By Camilo Smith
By Craig Malisow
By Jeff Balke
By Angelica Leicht
By Jeff Balke
By Sean Pendergast
By Sean Pendergast
By Jeff Balke
The county's Republican Leadership Council had declared a prudes v. nudes showdown. Sympathizers and the group groped to find library books to ban. They fig-leafed a David statue and forced an Italian cafe to cart off two classic paintings that included nekkid figures. Meanwhile, Montgomery High seniors had their class T-shirts -- "Kiss My Class Goodbye" was the slogan -- barred from campus.
As silly as that seemed at the time, it all makes sense now to Hair Balls: Montgomery County is obviously home to some of the horniest creatures this side of Sodom -- even those who head up the Conroe school district itself.
They must have known about the looming sex harassment lawsuit by two district PIOs against then-CISD Superintendent David Lusk and his sidekick, district CFO Brian Miller. Puritans had to be scared shitless that the mere hint of painted flesh in a pizza joint would incite the CISD pair to drop their pants and start porkin' pasta.
Lusk (pronounced "lust"), 58, is alleged to have repeatedly threatened to fire 24-year-old aide Shannon Weaver unless he got loin-patrol privileges. The supe is accused of hauling an Ab Roller into his office and having the skirted assistant work out on it so he could get exercised over beaver shots.
The suit says Lusk whetted his appetite by regaling her with old tales of a fraternity hazing incident in which he dipped his dong in molasses and covered it with corn flakes. Talk about a breakfast turn-on!
Miller, 45, was said to have been mentored by Lusk to join in the nasty talk. Just a few months ago, he told Weaver "she should go down the hall and give Lusk a blow job so that everyone could go home early before Spring Break," the suit says.
Weaver and co-plaintiff Nicole Segura say they went to the district's in-house counsel and the board's vice president to complain -- only to be told that Lusk had harassed them sexually, too.
But don't accuse the Montgomery prudes of having double standards. Miller resigned and took a $90,000 job with another district. The supe called it quits and the school board meted out its punishment: It wrote him a quarter-million-dollar good-bye check.
Now that's teaching Lusk a real lesson.
(And two paws up to a feisty newspaper, The Courier, for keeping after the district to disclose information in the case, and for running the suit on its Web site.) -- George Flynn
Making a Splash
The Travel section of the Houston Chronicle beckoned locals to the Florida Panhandle with the enticing main headline "The Forgotten Coast." A hefty amount of the section was devoted to plaudits about the "unspoiled and uncrowded beaches" and life there.
That big spread ran on Sunday, June 8. By 9 a.m. the following day, a story on the Chronicle's Web site seemed to answer the obvious question -- why these beaches and waters are so unused. It reported:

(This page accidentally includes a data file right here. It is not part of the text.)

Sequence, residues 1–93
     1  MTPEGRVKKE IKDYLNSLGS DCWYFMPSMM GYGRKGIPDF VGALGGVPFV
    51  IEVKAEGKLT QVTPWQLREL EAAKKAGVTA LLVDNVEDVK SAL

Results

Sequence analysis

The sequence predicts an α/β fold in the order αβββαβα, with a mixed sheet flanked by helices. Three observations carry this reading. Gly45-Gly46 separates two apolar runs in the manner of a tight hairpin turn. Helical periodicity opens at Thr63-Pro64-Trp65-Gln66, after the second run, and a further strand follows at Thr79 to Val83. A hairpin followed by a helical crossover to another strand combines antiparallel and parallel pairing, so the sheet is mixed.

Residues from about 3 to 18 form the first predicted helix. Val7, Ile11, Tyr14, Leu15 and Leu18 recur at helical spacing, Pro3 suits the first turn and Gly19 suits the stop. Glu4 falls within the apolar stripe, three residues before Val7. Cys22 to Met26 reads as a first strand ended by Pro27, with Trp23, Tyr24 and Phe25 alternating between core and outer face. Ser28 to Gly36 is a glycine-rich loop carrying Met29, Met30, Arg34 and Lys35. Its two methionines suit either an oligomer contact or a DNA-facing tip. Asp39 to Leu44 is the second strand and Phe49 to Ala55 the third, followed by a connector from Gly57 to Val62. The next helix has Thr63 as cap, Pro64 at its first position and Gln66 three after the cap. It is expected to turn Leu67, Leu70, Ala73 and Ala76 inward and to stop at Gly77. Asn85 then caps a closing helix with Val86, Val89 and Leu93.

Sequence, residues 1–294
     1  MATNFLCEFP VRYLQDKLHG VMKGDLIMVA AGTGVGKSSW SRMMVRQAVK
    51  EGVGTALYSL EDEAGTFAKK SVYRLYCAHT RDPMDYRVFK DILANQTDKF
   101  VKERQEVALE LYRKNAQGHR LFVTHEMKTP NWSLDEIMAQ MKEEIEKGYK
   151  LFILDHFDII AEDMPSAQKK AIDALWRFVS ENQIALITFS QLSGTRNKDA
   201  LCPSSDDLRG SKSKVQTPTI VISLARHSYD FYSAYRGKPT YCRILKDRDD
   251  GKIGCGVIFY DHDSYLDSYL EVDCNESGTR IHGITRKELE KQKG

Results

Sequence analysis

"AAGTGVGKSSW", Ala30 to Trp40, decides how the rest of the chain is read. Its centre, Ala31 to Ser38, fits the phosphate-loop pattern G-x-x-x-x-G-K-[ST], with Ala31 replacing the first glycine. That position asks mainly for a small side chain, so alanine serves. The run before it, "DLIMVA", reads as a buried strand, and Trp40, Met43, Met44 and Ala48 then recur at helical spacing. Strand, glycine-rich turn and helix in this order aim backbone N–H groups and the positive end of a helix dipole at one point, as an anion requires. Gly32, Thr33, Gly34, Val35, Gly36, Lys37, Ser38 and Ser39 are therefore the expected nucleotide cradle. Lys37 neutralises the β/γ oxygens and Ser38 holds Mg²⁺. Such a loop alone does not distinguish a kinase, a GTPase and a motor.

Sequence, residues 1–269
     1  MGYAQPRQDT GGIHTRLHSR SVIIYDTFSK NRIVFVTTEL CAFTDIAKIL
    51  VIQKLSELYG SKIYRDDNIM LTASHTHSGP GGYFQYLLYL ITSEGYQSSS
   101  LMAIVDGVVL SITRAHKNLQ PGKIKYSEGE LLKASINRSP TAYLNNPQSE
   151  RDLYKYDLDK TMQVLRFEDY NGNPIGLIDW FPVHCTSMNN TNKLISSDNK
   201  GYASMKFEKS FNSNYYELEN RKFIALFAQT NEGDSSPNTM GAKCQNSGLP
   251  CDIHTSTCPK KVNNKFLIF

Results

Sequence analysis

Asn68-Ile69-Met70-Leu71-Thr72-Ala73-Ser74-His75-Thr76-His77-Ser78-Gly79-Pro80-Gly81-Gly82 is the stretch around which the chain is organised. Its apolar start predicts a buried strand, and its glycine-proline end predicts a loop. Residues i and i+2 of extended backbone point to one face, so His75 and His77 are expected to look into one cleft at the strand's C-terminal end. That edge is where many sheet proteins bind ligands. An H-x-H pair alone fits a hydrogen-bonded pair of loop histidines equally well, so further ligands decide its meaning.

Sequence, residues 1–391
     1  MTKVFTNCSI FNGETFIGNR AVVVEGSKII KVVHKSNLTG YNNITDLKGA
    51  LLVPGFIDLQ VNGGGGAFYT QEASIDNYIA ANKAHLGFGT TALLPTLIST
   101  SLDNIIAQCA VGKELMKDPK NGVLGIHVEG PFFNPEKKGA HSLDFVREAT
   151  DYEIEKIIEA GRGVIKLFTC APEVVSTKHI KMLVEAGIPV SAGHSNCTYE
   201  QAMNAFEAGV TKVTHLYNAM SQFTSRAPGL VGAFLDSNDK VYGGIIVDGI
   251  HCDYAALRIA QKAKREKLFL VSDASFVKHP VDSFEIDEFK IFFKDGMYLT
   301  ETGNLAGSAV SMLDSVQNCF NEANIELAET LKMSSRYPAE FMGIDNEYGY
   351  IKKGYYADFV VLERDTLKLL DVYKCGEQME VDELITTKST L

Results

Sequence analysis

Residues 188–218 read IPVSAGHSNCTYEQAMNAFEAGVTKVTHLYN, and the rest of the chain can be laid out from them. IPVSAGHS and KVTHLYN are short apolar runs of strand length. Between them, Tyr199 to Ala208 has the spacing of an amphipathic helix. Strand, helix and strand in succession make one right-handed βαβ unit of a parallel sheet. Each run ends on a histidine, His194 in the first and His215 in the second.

"A Houston man was one of five people who drowned this weekend because of rough waters off the Florida Panhandle, officials said. Nearly 40 others were rescued." -- G.F.
Every so often major-league baseball will try to lure fans in with a Roll-Back-the-Clock promotion, where teams dress up in uniforms from long ago. This particularly embarrasses players when the clock rolls back to the 1970s in Pittsburgh and the South Side of Chicago.
Houstonians, however, don't need to wait for any bogus, gimmicky event to get a taste of baseball nostalgia. Every day is throwback day at Minute Maid Park lately.
Look at the Astros' starting lineup: Jeff Bagwell, Jeff Kent, Adam Everett, Morgan Ensberg, Lance Berkman, Craig Biggio, Orlando Merced, Brad Ausmus and any of the starting rotation. Notice anything unusual? Take away Merced, the Pumpsie Green of Houston, and this group of starters is whiter than any team outside a Stanley Cup game. (Obscure baseball note: In July 1959, Pumpsie Green entered a game for the Boston Red Sox, the last major-league team to integrate.)
About 40 percent of major- leaguers are minority, with most of those being Hispanic. The Astros, though, look like a NASCAR crowd. Or maybe, since a disturbingly large proportion of the team is also old -- the injured-reserve list is going to get crowded in August, we're guessing -- they look more like a matinee crowd at a Jackie Mason show.
We're not saying anyone in Astros management is racist. We're just saying there's one heckuva 1940s vibe at the old ballpark these days. -- Richard Connelly
Plain-talkin' Jimmy Ray is actually multilingual in the most complex of computer languages. He signed on with Harris County in 1975 and spent the next couple of decades dodging the bullets of county politicians' turf wars over high-tech equipment.
In that ground zero, Ray and his small crew fathered the mother of all computers, JIMS (Justice Information Management System), which grew into a national showpiece for the county. With equal parts baling wire and ingenuity, Ray rigged a sturdy system used by some 280 agencies to track almost all things Harris County: cops, criminals, jury summonses, court cases, bail, jail, prison and final passage.